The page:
I support the current legal drinking age of 21, primarily because of the cultural reality of America’s obsession with cars and driving.For so many teenagers, turning 16 and earning a driver’s license is the first rite of passage into adulthood.At the same time, a preponderance of the automobile accidents that occur each year involve teenage drivers.Adding alcohol to that equation increases the danger exponentially.
Currently, though the legal drinking age is 21, the effective drinking age is closer to 18—basically the age at which most young people finish high school and begin college.(Note, I don’t believe this is the age when most teenagers first have a drink; rather, it is around the age of 18 when most young people begin drinking with some regularity and become more likely to be able to purchase alcohol with a fake I.D.)
Even with the effective drinking age closer to 18 or 19, it remains relatively challenging for a 16-year-old—think: new driver—to obtain or drink alcohol.Lowering the legal drinking age to 18 would push that effective drinking age much closer, if not below, the legal driving age of 16.
I am not naïve; I understand that 15 and 16-year-olds are drinking now, despite the legal age of 21.However, I do not subscribe to the myth that it is easy for those teens to obtain alcohol and consume it unnoticed.They may be drinking, but doing so is difficult and risky, thanks mainly to the current legal age.Now imagine a mature 15 or 16-year-old being able to pass for 18—we have some here at Deerfield who fit that description—and being able to “legally” buy alcohol and get in a car.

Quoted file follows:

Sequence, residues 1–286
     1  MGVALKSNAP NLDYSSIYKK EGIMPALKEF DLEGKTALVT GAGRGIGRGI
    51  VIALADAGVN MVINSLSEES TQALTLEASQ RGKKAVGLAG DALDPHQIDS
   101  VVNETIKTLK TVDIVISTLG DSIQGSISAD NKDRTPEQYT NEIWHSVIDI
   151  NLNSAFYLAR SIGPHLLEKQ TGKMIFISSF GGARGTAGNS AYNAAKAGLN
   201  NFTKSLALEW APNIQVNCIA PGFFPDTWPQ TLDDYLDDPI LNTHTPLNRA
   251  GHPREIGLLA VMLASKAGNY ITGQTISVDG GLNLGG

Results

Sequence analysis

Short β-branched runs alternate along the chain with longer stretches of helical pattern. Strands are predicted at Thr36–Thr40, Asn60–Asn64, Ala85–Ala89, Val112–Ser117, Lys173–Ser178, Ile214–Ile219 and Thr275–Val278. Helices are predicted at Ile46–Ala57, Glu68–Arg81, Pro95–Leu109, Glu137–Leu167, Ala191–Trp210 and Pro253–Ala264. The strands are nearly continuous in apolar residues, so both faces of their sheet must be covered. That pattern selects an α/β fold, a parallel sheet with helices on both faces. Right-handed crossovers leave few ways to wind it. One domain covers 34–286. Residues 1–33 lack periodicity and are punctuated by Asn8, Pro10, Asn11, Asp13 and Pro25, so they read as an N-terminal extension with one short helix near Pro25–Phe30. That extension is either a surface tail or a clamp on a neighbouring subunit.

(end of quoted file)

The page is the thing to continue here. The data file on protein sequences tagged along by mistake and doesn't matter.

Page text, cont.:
Unfortunately, America is also a culture of overindulgence, and we are simply not equipped with the self-restraint to allow people that young to consume alcohol responsibly. Simply put, lowering the drinking age to 18 would not realistically affect the social lives of high school seniors or undergraduates, but it would pose a new and great public safety risk that is in no one’s best interest.